Nearly a year after the release of her powerful major-label debut, Old Time Feeling, S.G. Goodman is now well-versed in the pros and cons of releasing an album during a pandemic. On the negative side, pitching the record to listeners over social media made her feel even more like a "used car salesman" than carrying a merch table at her shows. But on the overwhelmingly positive side, she says she's made it this far through the pandemic without losing anyone to COVID-19 and feels "humbled" by the response to the record.
A tender, searing collection of songs that chronicle Goodman's experience as a Kentucky native, Old Time Feeling paints a portrait of the American south that she both loves and fights for change within. The songs rally for workers' rights and rail against food injustice in one breath; before turning to deeply personal, intimate love and heartbreak stories in the next. Goodman may have an uncanny sensibility for evoking life in rural Kentucky, yet cringes at the mention of being representative of the state or her community.
Here, Goodman speaks about her experience of releasing Old Time Feeling, the difficult task of relinquishing control over how the songs are perceived and what the album has taught her.
You are often seen as a spokesperson: as a Kentuckian, as a Southerner, as a political activist acting for underserved working-class communities. Do you feel like a spokesperson?
Psh, no. I have so many friends who aren't musicians, who I look up to for their actions and beliefs, and I see them living those lives out in front of their neighbors. I happen to have a microphone in front of me. I think it'd be a very dangerous thing for me to wake up one morning, look in the mirror and go, "I'm representing you, Kentucky!" I mean, I've always thought I was representing Kentucky, just because I'm from here. You always want to remember what you're tied to in your presentation of yourself. People label you, but I don't read much into it. I'm not in control of that, is what I'm saying.
Old Time Feeling is the most notable project you've released in terms of listenership. How does it feel not being able to control how you are perceived?
Being I have Obsessive Compulsive Disorder and control is this huge thing that I struggle with daily; it's been hard. Nevertheless, it's been a good learning process. In some ways, I've been more aware of people's reactions because of the pandemic, both negative and positive. There have been painful moments, but there was also a chance to process in quietness, which has been healthy. As a musician, you get asked a lot about your genre and what your message is, and I have this belief that once you put something out for the world, it's not yours anymore. If I intended to control the way I thought things should be, I would write a diary and not show people. But that's not what I'm doing. I don't think that often about what people make of a song where I had a particular idea in mind. It's theirs now.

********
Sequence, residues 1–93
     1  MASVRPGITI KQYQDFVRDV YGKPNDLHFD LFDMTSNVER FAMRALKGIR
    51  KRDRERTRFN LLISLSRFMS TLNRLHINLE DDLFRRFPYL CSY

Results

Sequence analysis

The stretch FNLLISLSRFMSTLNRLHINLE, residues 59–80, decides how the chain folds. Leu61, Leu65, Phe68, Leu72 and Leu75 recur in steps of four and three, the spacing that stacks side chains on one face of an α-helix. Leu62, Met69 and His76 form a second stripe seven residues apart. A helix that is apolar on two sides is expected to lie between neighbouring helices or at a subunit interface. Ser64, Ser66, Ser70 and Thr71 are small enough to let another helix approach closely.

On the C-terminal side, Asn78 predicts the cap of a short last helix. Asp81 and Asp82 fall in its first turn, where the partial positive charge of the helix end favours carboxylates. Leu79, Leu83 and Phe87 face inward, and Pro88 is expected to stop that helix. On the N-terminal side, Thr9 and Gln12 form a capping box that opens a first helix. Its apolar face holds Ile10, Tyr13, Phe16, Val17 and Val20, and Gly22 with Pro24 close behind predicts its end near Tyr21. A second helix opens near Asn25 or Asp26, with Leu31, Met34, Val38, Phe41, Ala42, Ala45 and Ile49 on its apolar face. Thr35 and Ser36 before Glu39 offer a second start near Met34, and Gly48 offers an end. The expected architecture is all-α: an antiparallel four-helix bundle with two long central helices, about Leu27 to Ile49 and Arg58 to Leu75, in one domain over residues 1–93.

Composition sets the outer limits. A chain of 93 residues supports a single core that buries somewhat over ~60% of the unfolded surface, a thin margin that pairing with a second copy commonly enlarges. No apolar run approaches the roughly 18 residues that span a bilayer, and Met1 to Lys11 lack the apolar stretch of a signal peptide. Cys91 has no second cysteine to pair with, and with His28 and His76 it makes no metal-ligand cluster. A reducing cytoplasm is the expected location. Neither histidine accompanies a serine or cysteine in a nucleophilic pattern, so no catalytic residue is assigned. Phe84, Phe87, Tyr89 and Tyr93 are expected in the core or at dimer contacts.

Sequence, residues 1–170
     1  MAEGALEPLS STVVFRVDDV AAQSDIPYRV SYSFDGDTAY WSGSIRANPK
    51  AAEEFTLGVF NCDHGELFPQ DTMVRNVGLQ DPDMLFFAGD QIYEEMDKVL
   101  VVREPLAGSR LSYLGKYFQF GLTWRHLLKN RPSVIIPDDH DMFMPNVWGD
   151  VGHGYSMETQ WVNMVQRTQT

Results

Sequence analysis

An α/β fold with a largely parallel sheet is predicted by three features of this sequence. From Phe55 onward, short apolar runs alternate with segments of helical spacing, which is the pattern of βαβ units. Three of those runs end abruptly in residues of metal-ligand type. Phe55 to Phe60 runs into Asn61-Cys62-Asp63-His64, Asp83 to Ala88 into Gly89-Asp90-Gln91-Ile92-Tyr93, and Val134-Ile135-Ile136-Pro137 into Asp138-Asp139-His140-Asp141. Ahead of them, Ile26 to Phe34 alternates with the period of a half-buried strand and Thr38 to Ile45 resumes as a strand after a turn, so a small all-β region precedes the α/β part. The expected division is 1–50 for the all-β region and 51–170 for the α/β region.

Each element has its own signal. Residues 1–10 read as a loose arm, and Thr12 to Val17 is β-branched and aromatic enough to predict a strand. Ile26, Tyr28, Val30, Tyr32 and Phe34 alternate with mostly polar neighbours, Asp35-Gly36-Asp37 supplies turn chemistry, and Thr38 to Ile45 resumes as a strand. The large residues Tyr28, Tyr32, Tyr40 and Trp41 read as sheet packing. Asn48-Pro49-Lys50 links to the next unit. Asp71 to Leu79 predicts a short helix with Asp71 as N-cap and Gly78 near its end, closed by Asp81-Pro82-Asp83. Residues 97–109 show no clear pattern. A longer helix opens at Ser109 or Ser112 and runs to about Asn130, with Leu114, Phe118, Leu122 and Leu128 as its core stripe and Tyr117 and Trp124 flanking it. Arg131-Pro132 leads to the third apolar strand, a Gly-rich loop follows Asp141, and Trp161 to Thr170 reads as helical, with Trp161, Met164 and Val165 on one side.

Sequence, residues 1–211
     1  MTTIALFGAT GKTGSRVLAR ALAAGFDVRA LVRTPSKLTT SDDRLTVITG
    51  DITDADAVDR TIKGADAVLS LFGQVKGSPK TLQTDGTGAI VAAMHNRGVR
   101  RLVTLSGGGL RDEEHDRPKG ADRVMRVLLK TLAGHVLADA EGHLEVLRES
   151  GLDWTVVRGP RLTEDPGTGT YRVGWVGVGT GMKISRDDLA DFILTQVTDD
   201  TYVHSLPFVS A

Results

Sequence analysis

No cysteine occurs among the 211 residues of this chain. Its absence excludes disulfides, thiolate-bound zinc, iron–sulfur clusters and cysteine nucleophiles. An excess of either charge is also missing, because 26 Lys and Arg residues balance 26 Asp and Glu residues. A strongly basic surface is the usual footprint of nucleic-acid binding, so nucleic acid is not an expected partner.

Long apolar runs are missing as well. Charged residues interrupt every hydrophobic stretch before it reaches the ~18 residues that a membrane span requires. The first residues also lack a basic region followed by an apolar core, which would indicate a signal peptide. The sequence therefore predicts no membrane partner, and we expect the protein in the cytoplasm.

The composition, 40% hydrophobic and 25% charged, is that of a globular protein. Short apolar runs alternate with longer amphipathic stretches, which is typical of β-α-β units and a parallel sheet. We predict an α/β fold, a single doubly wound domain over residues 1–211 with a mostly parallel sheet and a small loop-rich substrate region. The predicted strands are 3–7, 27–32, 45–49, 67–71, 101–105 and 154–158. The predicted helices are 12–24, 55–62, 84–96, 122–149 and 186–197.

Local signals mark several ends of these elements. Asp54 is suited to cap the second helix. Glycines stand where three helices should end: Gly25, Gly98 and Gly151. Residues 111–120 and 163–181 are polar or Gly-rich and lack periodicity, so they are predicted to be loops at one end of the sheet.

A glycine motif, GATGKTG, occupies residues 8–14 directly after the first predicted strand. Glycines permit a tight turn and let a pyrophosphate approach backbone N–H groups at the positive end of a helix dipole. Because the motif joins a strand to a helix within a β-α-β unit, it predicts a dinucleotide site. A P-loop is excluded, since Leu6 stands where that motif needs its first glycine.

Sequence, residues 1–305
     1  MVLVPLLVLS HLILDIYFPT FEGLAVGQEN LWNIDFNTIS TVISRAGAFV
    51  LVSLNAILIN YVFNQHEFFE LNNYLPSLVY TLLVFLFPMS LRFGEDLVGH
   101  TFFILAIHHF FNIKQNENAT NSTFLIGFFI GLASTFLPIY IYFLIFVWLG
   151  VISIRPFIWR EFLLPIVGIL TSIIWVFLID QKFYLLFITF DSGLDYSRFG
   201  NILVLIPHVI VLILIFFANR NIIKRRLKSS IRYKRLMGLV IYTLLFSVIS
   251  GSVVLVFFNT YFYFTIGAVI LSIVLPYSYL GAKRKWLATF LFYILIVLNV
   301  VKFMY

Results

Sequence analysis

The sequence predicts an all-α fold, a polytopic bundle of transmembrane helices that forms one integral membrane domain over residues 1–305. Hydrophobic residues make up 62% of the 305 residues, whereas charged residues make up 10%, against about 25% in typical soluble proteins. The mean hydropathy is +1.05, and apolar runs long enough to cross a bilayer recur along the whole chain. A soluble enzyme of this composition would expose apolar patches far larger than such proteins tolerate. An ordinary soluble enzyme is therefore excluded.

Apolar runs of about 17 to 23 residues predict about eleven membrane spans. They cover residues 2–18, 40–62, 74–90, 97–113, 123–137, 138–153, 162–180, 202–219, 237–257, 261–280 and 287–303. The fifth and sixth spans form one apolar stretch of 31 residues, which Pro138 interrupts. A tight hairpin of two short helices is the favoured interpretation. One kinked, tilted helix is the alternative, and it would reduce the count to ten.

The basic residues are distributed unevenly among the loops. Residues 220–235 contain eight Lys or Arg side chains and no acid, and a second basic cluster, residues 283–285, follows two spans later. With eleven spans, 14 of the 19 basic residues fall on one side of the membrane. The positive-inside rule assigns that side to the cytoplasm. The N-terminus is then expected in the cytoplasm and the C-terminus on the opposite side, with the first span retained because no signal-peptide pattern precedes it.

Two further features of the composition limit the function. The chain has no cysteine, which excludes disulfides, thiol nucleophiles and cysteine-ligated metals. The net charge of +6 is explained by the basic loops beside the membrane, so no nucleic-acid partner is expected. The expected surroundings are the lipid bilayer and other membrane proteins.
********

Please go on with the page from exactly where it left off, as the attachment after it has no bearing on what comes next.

As you're looking toward your next album, does the experience in putting out a record and people interpreting songs in different ways influence how you write?
I don't think so. I know where my weaknesses are as a songwriter. I'm a singer-songwriter - a lot of my songs are slow and ballad-y. I struggle with writing fast songs; they don't naturally come to me, so that is something I've been trying to do. Will this record be extremely fast? It probably won't be, but maybe that was an intention; to push myself in areas where I feel weak as an artist.
You have some shows with John Moreland set for May. How do you feel about returning to the stage after all this time off the road?
I'll perform as a two-piece for these shows; it's something I'm so thankful for but also scared by. The world has only heard my album as a full band; I'm entering back onstage for the first time in months. I'll be playing my music in a way that it's not even the most comfortable representation of myself. I know I'm gonna walk on that stage a little anxious, but I'll feel so grateful that there are real humans in front of me, not a computer screen and a virtual clap that you can't even hear. But yes, there's still a lot of anxiety in feeling so out of practice with performing.
I think everyone is going to have to re-socialize to a certain degree?
Exactly, I know. Then it's like, are people going to feel comfortable buying my merch if they have to touch it? There's just gonna be a lot of safety protocols. I'm not sure I'll ever tour again without a mask. It makes sense - if I get sick, even if it's just a general cold, that messes with my ability to commit to a show for which people have bought tickets. So that's something I've had a talk about with my band. There's no reason for us to go into a gas station without a mask. It's simple. Just do it, you know?
I've heard you cover Florence Reece's 'Which Side Are You On?' over the past couple of years. With her being a Kentuckian and a workers' rights activist, can you describe your connection to that song and why you keep coming back to it?
It's because it's relevant, period. It hearkens back to when people were writing songs as battle cries for Kentucky and understanding our place in workers' rights. How many people have died to give us the opportunities we have as workers today? That's why we should continue in that battle. It's the relevant nature of that song that is powerful, years and years later.
S.G. Goodman's latest album, Old Time Feeling, is out now via Verve Forecast / UMG.
Photography courtesy of S.G. Goodman